A British doctor working in Zimbabwe sent a baby boy
home just 75 minutes after an operation, the General Medical Council has
The 19-month-old infant died just hours after the
routine circumcision. He had been given high levels of morphine for pain
Dr Richard Gladwell McGown has denied serious
The GMC is hearing the case in London because the
doctor is on its medical register and is licensed to practice in the UK.
Dr McGown is also accused of failing to provide
proper care to a nine-year-old girl who died following an appendix
The GMC's professional conduct committee heard how
the baby boy - known as Child A - was admitted to Avenues Clinic in
Harare, Zimbabwe on 13 July 1988 for a circumcision because he had
Dr McGown, who was educated in Scotland, gave the
toddler an injection of morphine into the spine to relieve the pain
after the operation.
The committee heard that Dr McGown was fully aware of
the risks of associated with morphine injection.
According to GMC lawyers, he wrote an article in 1989
- the year after the boy's operation - stating that "under no
circumstances should a child be allowed to leave the care and support of
the hospital for at least 24 hours if given a caudal morphine injection".
Counsel for the GMC Joanna Glynn said Dr McGown's
decision to discharge the infant was indefensible.
"The decision to discharge him after 75 minutes was
wholly indefensible. It falls below the standards of a competent medical
practitioner," she said.
Dr McGown, who faced a criminal trial in Zimbabwe in
relation to the deaths, acknowledged that the high dose of morphien
contributed to the infant's death.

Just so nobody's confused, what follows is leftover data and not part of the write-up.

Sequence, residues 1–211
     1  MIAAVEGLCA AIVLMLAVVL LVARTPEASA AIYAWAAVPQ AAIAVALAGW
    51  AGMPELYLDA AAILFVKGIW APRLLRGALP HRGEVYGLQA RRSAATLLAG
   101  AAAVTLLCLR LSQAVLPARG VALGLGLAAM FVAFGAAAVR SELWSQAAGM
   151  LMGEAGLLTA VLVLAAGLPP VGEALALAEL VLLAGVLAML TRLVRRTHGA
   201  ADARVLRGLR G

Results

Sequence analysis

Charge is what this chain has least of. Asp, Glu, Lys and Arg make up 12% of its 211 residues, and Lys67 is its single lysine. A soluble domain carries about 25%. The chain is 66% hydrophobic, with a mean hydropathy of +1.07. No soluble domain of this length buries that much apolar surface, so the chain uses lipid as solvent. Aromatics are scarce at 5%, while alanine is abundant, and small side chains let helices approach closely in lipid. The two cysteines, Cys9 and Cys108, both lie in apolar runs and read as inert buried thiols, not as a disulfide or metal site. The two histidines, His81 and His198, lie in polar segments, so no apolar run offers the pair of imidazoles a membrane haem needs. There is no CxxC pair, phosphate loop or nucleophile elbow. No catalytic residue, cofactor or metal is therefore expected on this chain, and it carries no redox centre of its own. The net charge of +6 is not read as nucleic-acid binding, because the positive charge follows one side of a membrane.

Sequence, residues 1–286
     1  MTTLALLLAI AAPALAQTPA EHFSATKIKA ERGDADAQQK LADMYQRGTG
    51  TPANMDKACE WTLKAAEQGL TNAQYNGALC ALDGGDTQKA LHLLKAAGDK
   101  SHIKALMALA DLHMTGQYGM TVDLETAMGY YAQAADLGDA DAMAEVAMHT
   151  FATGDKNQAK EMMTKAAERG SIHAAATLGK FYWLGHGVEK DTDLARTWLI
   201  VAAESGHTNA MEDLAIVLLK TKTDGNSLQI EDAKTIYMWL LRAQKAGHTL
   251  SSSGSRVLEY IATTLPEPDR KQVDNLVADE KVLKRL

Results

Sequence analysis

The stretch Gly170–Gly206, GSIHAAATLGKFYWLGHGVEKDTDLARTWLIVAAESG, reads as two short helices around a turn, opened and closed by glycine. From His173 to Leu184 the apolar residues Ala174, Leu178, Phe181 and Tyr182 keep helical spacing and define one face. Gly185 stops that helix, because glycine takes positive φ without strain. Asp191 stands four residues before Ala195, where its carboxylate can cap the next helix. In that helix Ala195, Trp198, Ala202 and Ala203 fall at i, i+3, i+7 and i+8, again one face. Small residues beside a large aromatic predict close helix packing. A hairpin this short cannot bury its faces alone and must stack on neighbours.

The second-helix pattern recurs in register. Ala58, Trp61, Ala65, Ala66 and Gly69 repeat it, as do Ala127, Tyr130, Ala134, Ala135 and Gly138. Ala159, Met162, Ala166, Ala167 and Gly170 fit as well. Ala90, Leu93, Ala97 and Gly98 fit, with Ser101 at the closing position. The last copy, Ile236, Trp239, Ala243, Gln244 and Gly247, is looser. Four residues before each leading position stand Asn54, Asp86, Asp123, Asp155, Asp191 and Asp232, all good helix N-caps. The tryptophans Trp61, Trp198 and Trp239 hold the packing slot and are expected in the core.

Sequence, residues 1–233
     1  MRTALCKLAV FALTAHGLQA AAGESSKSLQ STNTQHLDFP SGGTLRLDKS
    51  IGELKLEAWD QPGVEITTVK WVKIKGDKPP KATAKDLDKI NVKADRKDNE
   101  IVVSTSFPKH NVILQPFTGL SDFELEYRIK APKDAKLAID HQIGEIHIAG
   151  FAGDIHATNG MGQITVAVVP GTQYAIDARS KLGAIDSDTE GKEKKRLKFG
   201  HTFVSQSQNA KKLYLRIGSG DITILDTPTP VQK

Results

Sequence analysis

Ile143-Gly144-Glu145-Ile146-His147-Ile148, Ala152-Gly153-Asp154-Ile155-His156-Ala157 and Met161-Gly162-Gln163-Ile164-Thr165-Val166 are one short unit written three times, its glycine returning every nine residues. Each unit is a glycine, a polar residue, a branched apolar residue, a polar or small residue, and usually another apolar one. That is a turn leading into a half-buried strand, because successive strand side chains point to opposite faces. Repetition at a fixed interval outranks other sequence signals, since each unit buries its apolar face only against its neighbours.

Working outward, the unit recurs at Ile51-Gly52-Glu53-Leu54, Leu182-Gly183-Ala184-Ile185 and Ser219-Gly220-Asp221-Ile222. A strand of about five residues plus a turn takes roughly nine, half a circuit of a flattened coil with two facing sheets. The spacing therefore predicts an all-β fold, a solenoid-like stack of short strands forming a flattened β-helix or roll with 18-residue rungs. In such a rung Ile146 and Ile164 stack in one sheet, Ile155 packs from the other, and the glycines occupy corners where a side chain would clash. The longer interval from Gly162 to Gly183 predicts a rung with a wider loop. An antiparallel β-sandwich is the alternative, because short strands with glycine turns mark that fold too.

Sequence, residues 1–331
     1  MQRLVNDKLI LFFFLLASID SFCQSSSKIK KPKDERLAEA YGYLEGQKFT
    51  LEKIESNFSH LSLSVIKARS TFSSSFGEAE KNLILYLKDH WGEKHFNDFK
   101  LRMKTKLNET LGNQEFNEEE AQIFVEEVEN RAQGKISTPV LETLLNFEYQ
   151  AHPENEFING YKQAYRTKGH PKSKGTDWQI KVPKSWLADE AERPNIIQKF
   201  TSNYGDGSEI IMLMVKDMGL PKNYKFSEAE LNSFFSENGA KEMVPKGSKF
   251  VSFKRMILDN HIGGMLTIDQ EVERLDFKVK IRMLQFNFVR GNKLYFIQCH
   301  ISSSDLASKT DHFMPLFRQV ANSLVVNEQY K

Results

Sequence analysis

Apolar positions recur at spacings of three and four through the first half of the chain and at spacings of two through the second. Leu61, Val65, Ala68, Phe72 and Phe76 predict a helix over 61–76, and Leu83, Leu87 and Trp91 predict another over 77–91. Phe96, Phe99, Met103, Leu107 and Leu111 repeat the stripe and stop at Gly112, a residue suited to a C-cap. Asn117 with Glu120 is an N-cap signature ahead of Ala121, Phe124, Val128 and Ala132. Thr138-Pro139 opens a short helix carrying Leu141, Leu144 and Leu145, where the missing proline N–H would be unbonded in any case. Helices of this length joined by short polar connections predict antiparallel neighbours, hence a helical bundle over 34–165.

He told the GMC committee: "Had he not had this
anaesthetic, he would still have been alive."
But he added: "I have had great difficulties during a
criminal trial and during this hearing in trying to get across the fact
that large doses are not only permitted but required when using caudal
The father of the child - who was not named -
described how he was given no instructions on how to care for the baby
following the operation. He said he had not been told that his son had
been given morphine.
He described how Dr McGown handed him the child
following the surgery, saying: "He said: 'Here is your child. I've
brought him back from the dead.' It seemed like a joke."
The father, from Harare revealed how the baby was
irritable and later fell into a deep sleep.
He began vomiting yellow liquid and was taken back to
the hospital where he died, six hours after his operation.
Dr McGown is also accused of giving the patient an
excessive amount of morphine and failing to keep adequate anaesthetic
Ms Glynn told the disciplinary committee: "Neither of
these healthy children should have died. Their deaths were preventable.
"They were caused by culpable failures set out in the